Letter to Senator Grace Poe

To: sengracepoe@gmail.com Carlo Salcedo

April 17, 2015



Republic of the Philippines

Re: Addressing Dishonesty and Apathy Among Filipino Educators

Dear Senator Poe:

I am an English teacher currently stationed at New Era National High School in Dasmariñas, Cavite.

I seek your help in eradicating the systemic ills corroding the Department of Education that I, in my humble capacity as teacher, have been trying to address for 7 years now.

I have recommended practical and rational changes in policies to DepEd Central Office and have devised innovations in teaching and materials design but have only been scoffed at by “educators” who still gauge them based on what they learned in college 30 or 40 years ago.

I have reported irregularities to DepEd Central Office but have been mostly ignored, even threatened by co-teachers and principals. In all my efforts at exposing irregularities and malpractices in public schools and DepEd, I have only gained enemies in high places. I have been ostracized and ridiculed by many of my peers, branding me “idealistic” as if it were a mental disorder of some sort. The director of DepEd’s “Action Center” aware of the many reports I have sent their office even suggested “Why don’t you lie low muna?” when I visited their office to follow up on the reports that I made.

DepEd, instead of banishing dishonesty and apathy in Philippine society, has fallen victim to these undesirable qualities that have plagued our people for decades and held us back from rising to the level of developed countries. While our neighboring countries are busy taking advantage of the best that science offers in Education, our DepEd is still trying to inculcate honesty among our “educators” — with little success. The culture of dishonesty is so deeply rooted in DepEd that Secretary Armin Luistro had had to instruct all public schools to hang huge “Honesty is the best policy” banners on their gates. The cliched reminder is not really directed to students.

I will need to be blunt in order to paint an accurate picture of the state of Philippine education and consequently the state of the Filipino mind:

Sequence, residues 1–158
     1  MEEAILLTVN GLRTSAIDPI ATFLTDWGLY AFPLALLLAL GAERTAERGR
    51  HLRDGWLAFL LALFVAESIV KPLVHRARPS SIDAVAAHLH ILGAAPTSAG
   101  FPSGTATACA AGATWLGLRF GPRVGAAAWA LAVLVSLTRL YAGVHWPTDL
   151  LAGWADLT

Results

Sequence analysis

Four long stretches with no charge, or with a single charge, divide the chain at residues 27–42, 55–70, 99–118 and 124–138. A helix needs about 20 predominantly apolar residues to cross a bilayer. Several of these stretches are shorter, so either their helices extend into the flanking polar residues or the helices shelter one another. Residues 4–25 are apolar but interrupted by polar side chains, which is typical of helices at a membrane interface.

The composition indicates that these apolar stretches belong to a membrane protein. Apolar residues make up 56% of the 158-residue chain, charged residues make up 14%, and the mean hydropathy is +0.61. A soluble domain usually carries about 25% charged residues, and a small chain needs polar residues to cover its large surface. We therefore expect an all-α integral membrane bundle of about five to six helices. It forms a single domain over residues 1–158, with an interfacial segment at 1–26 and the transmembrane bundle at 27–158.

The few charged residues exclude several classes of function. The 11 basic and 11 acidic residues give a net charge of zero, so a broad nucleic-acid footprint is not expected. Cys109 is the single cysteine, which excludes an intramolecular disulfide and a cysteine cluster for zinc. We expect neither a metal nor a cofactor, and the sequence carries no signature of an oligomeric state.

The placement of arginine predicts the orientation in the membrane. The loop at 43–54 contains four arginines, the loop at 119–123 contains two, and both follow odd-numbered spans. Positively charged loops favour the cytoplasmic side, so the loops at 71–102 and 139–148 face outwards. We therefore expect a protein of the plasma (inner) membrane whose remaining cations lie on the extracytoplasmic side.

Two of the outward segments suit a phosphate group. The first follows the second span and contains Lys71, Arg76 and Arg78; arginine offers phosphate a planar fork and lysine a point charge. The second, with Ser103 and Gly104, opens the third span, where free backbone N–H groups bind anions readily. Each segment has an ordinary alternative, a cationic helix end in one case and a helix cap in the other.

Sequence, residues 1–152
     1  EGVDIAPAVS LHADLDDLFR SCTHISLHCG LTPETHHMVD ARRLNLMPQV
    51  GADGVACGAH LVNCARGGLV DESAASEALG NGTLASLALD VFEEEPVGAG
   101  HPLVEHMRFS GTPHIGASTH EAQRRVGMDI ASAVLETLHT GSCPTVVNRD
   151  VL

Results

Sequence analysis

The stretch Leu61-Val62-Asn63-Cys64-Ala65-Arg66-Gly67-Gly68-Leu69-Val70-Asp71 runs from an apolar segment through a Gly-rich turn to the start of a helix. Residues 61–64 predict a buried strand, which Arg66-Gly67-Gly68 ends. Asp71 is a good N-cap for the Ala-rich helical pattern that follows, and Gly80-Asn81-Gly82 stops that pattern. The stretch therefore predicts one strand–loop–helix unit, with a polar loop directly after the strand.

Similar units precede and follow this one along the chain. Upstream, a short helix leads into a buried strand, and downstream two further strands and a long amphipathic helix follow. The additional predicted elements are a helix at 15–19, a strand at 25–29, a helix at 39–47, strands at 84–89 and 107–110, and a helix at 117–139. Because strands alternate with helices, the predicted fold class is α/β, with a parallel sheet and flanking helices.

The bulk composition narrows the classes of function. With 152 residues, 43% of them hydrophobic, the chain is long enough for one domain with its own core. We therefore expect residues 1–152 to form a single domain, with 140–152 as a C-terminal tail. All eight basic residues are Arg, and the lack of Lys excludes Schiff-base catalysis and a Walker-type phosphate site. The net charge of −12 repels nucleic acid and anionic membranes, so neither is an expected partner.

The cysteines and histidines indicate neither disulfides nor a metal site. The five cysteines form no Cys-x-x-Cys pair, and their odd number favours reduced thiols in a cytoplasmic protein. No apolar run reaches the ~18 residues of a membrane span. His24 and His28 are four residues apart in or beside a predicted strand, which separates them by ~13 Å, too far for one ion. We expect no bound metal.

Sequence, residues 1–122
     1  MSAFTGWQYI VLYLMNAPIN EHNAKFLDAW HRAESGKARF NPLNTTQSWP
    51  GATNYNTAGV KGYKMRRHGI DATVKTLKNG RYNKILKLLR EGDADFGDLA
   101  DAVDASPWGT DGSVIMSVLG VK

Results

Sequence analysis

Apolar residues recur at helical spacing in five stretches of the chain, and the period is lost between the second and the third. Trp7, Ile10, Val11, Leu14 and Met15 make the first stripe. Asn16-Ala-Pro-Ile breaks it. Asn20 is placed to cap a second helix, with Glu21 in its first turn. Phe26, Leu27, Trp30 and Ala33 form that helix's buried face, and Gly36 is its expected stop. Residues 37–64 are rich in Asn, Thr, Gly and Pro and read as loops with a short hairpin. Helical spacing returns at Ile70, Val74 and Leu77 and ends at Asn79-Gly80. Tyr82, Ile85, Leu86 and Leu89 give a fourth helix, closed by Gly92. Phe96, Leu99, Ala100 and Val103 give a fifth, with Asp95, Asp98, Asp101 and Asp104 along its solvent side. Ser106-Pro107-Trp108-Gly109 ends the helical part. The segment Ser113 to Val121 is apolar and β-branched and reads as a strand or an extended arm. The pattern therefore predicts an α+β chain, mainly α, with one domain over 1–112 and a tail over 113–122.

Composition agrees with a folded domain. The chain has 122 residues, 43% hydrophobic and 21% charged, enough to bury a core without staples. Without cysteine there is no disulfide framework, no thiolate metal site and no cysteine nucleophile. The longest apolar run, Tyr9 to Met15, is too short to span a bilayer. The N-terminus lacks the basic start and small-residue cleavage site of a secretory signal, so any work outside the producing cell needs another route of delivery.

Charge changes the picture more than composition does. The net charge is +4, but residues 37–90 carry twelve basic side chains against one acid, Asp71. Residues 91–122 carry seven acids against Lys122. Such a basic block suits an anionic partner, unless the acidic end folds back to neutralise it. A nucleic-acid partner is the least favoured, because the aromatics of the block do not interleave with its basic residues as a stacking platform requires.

· DepEd does not have a clear vision of where the Filipino should be morally and intellectually in the 21st Century. The people leading DepEd do not know where we are presently. They probably do not know it is important to find out. They are aware of the obvious need for the country to rise economically, but their actions only show that DepEd’s core values of being maka-tao, maka-Diyos, and maka-kalikasan are nothing more than mere platitudes.

· DepEd hires unqualified, undedicated individuals and assigns them to key positions — this is the rule, not the exception. And this is true for teachers, principals, superintendents and directors. Many hold bogus postgraduate degrees. Projects are all for show. For documentation. Points for promotion.

· Superintendents and Supervisors hardly visit the schools they oversee. Principals and Supervisors spend hours on Facebook, unmindful of the chaos going on in campus.

· Teaching materials are dated, full of errors, boring and a chore to read. They are also expensive: P40 per grading period (2 months) for each subject (Math, Filipino, English, and Araling Panlipunan).

· A typical Education student (future teacher) would be one who failed to qualify for any other course or at least feels unqualified. “You cannot give what you don’t have” is truer nowhere else than in DepEd.

· Corruption remains to be the norm. Rapacious DepEd officials and conniving contractors steal millions, perhaps billions, through shady deals on buildings, school chairs, teaching materials and so on. Projects are created around the idea of “making a killing”, with Education for facade.

These are just some of the many ills in DepEd, which I have seen with my own eyes.

Having spent years in the trenches — the public school — where the ugliest things are all too visible, I am morally compelled to do everything I could to help reverse the situation. “To whom much is given, much is required.”

Currently, I have in the works fair and realistically implementable, targeted policy reforms that could address — at their roots — the problems besetting the country’s public education system. I am working on new, exciting ideas which well-meaning citizens, public and private, would be proud to be part of. A victory of the Filipino, not just of any administration.

Sadly, too many people in the system do not share my advocacy and are actually working to isolate me and render my efforts ineffective. They are succeeding in many fronts, including inflicting me with discomforts and posting harm to me and my life partner of 12 years. I am increasingly besieged by people who see me as a threat to their culture of corruption — their “business.”

Honorable Senator, I need your help. But more importantly, the Filipino youth need our help. I hope to be able to work together with you in achieving our shared goal of uplifting the quality of Philippine education and bring out the long-stifled honorable qualities of the Filipino.

God and Country,

Carlo Isidore Salcedo

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